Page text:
There is another theory that appeals which is that dreams are like garbage disposals: worries are chewed up and cast asunder. In this way, it is not a good thing to recall a dream because the concerns take root once again.

However, I find value in comparing dreams to writing.
A quick google search will reveal that the majority of philosophers have considered the notion of originality.
My bastardised take on it all is that originality is a unique combination of non-original ideas.
Indeed, Democritus suggested that everything in the universe would share the same foundations. He called these base units 'soul atoms' which were later poetically interpreted as star dust. Everything is made from star dust. But everything is a unique combination of star dust. (NB. In Sophie's World, Jostein Gaarder likened the soul atoms to LEGO bricks.)
Personally, I like Irving Maltzman's thoughts on originality.

Where am I going with this?
Well, the clue is in the title! One of my pet hates is what is referred to as the stream of consciousness. Hey, like anything, there are exceptions and I wouldn't dare to criticize the likes of James Joyce or Virginia Woolf. Moreover, in the hands of an expert, anything can become a useful tool.
But I am compelled to see beneath the surface - to understand how something works, what it is doing, and why it does that. Dreams show us that the subconscious can come up with some pretty cool things! But I don't want to have to sleep each time I'm stuck for an original idea. I want this power at my fingertips. Furthermore, my son'll be all grown up soon and I won't be able to rely on him for cracking ideas (although I have considered the idea of having a steady stream of children :o)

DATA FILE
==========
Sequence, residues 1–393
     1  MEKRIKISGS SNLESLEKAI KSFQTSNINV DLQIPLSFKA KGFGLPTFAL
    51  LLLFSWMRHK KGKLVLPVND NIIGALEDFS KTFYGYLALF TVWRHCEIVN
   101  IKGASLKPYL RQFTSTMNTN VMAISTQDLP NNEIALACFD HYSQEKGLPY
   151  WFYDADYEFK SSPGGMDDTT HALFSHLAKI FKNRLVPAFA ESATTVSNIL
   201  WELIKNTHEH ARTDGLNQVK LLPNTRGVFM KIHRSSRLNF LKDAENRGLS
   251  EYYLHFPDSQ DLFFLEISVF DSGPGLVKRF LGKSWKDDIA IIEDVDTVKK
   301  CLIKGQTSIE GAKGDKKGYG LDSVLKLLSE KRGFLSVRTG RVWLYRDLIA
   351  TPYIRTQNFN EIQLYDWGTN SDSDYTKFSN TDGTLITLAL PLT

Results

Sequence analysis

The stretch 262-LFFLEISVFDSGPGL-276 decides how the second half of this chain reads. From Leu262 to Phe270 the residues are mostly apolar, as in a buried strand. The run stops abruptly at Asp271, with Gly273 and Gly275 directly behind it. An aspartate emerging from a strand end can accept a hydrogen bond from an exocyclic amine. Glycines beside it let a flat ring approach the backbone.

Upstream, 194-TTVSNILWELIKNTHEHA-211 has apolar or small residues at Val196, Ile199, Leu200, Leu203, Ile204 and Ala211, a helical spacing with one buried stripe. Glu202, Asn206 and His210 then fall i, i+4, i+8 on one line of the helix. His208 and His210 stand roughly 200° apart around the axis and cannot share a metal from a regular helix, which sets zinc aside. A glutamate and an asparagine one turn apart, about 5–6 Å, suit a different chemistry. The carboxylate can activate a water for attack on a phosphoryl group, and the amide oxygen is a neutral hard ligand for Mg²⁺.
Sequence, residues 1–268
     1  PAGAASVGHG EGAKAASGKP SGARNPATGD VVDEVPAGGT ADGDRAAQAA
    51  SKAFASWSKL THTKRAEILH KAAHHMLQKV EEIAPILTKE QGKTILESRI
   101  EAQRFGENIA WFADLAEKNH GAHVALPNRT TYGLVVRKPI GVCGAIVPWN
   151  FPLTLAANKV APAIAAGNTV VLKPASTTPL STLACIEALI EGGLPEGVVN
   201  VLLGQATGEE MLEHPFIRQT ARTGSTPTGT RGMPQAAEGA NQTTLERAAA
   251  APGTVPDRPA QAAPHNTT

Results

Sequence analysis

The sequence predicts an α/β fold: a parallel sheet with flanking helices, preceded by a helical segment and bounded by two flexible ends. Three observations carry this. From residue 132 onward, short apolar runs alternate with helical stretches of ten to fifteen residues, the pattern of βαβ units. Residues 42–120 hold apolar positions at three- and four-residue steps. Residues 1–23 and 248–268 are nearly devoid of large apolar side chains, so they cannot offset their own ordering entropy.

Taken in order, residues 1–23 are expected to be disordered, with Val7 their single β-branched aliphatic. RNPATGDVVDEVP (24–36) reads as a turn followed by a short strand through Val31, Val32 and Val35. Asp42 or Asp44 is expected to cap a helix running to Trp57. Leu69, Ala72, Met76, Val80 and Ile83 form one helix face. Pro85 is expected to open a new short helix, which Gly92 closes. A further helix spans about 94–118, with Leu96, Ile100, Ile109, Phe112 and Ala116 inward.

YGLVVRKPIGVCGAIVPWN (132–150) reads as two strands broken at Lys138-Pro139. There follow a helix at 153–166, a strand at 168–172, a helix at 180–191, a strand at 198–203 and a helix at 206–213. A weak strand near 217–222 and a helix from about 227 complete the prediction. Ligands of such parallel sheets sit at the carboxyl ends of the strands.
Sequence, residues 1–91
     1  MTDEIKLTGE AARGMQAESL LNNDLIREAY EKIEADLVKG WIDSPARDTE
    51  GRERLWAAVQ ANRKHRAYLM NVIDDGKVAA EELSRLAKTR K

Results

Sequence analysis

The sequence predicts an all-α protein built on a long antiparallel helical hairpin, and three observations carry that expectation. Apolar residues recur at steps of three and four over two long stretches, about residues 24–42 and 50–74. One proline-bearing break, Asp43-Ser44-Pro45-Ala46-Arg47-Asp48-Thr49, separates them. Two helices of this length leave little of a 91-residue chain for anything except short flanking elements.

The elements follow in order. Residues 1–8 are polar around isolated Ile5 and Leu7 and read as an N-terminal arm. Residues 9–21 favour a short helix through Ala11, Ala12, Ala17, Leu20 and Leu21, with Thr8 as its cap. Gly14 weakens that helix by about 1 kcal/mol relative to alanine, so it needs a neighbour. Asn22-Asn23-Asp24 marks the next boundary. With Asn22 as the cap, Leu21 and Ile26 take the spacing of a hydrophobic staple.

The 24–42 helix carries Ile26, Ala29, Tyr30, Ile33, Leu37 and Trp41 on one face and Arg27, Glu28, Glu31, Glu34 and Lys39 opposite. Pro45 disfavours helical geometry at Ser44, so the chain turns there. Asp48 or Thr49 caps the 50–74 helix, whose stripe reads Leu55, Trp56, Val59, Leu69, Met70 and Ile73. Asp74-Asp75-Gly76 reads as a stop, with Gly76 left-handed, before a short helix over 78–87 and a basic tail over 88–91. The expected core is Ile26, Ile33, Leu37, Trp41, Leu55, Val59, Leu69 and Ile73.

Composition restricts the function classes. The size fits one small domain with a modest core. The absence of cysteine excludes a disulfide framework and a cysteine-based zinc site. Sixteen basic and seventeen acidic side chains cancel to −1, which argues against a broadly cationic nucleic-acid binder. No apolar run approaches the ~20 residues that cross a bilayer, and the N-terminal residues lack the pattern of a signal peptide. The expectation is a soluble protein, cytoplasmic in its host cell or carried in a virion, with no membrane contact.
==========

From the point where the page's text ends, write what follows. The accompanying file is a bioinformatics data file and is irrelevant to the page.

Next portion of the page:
It isn't enough to write. Indeed, through my deconstructions, I have been able to feed the reader's subconscious with motifs and themes that are able to elicit strong emotional responses. I am able to provide the reader's mind with the right combination of elements for it to make the desired connections. Rather than give them 42, I'd give them three drawn-out 10's, and then a dozen 1's in quick succession. For example.
(NB. 42 written in binary is 101010 and is, I believe, Douglas Adams' comment about both balance and Christianity [given that the number six has biblical implications]. However, I can still smile at the Dan Brown character who observes that cryptographers find patterns where there are none!).

As writers, we control - we regulate - we coerce and create expectations.
As writers, we should understand the choices available to us, and how one choice might be a better fit than another.

That leaves me with the TARDIS which is a blue telephone box.
Dreams, like me, seek the best possible solution. My dream made multiple connections.
As suggested above, my dream needed a colour and it needed a telephone.
It sifted through the stuff in my head (and I believe that it sorts from last to first, dealing with most recent thoughts in the first instance, which is why very often the last few events of the day, notably cleaning teeth and undressing [in a representational form, remember: to most, teeth-cleaning prevents teeth falling out and teeth falling out represents the remorseless progression of time], make common reappearances) and it found something that represented and united two key themes - something that I would've unconsciously recorded prior to turning off the living room lights.
Dreams are brilliant. They make the most amazing and complicated connections and create, through these seemingly disparate images, something fundamentally cohesive and compelling.
And I'll have some of that!